But the Colorado Avalanche right wing would "get on the ice and get out of the gate quick, and then he'd run out of gas a little bit towards the end of his shift," coach Joe Sacco told NHL.com.
While Stewart still managed to enjoy a career year with 64 points and a team-leading 28 goals in 77 games, the 6-foot-2, 228-pound power forward was determined to improve his physical conditioning and stamina over the summer.
Stewart's hard work is paying off. He's among the NHL's leading scorers with 9 goals -- including three game winners -- and 7 assists in 11 games. The 9 goals tied the Avalanche record for October held by Peter Forsberg and Joe Sakic; his four power-play goals are one more than he scored all last season, and he's averaging 17:33 in ice time, nearly a minute more than he logged in 2009-10.
"This is definitely the best shape I've been in my life," said Stewart, who was rewarded before the season with a two-year, $5.75 million contract. "I probably played close to 235 (pounds) last year. My body fat is down 2 percent and my muscle is up. I think now I have as much energy in the third period as I do in the first."
Stewart trained at Twist Sport Conditioning in the Toronto area, spending 2 1/2 hours there five days each week. His regimen included working with a track coach for an additional 1 1/2 hours two days a week.
"I just really worked on trimming down and getting faster," he said.
Stewart's workout group included his brother Anthony, who plays for the Atlanta Thrashers, and Los Angeles Kings forward Wayne Simmonds.
"We definitely had a great workout group," Chris Stewart said. "It was a do-or-die situation for Anthony this summer; now he's in the best shape of his life, too, and that's probably the reason he's playing so well."
The group concentrated on circuit training and "heavy squats," he said. "We did a lot of core stuff. That was a big thing because I was strong, but I wanted to be strong on one leg, and I added a lot of flexibility, too."
There were diet changes as well. Gone were fast foods like cheeseburgers and French fries, replaced with chicken, fish, fruits and vegetables.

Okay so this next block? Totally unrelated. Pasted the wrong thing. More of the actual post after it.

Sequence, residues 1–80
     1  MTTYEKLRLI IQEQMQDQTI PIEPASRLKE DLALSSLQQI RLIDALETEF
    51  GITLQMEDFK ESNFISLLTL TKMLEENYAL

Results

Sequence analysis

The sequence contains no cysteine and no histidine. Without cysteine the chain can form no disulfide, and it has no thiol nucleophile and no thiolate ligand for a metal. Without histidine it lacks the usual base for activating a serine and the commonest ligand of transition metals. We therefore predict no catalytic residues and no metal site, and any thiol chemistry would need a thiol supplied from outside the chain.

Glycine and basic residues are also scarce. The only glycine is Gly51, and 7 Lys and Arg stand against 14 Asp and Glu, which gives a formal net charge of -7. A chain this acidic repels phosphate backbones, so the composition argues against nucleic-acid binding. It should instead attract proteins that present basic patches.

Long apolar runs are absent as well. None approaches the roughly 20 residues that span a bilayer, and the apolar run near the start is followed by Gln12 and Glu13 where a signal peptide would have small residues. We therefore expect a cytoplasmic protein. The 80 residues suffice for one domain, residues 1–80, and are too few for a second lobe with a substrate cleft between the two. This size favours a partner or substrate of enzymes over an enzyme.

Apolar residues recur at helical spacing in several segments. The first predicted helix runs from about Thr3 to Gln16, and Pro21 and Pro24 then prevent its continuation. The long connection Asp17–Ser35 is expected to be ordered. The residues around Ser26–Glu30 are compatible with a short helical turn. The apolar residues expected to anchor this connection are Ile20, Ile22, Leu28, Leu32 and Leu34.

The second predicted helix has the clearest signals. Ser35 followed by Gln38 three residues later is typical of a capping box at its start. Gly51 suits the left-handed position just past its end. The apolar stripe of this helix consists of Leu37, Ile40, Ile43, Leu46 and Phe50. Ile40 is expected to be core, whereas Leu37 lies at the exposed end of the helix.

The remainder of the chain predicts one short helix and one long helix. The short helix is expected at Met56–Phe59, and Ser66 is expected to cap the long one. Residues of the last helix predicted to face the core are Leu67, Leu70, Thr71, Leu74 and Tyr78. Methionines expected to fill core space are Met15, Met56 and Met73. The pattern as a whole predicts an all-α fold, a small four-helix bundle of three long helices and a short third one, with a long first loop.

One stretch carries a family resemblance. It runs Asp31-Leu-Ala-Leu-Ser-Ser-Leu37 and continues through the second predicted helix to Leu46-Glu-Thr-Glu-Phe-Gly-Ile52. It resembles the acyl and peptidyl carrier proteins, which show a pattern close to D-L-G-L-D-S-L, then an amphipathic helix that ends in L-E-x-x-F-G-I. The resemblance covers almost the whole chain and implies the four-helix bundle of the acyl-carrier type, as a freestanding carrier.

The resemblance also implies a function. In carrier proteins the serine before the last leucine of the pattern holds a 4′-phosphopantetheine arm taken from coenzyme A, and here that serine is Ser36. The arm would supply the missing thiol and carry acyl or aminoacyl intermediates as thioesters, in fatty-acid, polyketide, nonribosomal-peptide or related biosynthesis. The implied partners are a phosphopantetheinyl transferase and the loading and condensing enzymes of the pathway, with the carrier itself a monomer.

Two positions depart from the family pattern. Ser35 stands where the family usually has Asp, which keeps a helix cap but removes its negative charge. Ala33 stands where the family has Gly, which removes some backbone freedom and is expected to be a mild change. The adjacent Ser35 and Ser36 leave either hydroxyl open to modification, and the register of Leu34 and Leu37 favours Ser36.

"I really focused on my diet," Stewart said. "I saw a nutritionist, and once you take the time to familiarize yourself with everything, it's all about the right attitude and wanting to do it and seeing the results.
"There's a lot of do's and don'ts, but you have to invest in yourself. I thought it would make me a better player and I feel it's paid off. I feel like no matter how long I've been on the ice I still feel like I can go full speed. After a big power burst, it used to take me a couple shifts to recover."
Stewart's new and improved physique hasn't gone unnoticed by his teammates.
"He looks thinner," Milan Hejduk said. "He's in better shape than he was last year. With his speed and power, he can be a nightmare for defensemen."
Last season nearly turned into a nightmare for Stewart, the Avalanche's first-round pick (No. 18) in the 2006 Entry Draft. Unhappy with Stewart's play and conditioning in the first few weeks of the season, the Avalanche sent him to the Lake Erie Monsters in the American Hockey League.
The demotion lasted only a couple of days because several Avalanche forwards went down with injuries.
"I'd say the turning point was when I got sent down to Lake Erie," Stewart said. "When I came back up I definitely was a lot hungrier. I had a lot to prove. We had a few key injuries and I got a great opportunity to play. I came back up with a new attitude."
Stewart eventually skated on the top line with TJ Galiardi and Paul Stastny. For the most part, he's been there ever since.
"It was a great year, getting the first full year under my belt, playing with Stastny and Galiardi, and getting great time on the power play too," he said. "I had a lot of opportunities and I just have to follow up on it this year."
Sacco has been especially pleased with Stewart's play this season, and he appreciates the effort his budding star put in over the summer.
"The big man can make plays, we all know that," Sacco said. "He's definitely more explosive. I think now his ability to recover quicker has helped him, and that's obviously because of what he did in the offseason. Now he should be able to maintain 30-, 40-second hard shifts and then get the rest and then get back out there and still perform at a high level."
Not that Stewart is taking anything for granted.
"I'm not satisfied," he said. "Definitely I'd say I have a lot of confidence, but I still need to have a good work ethic. I need to play hard every night. That's what I plan on doing."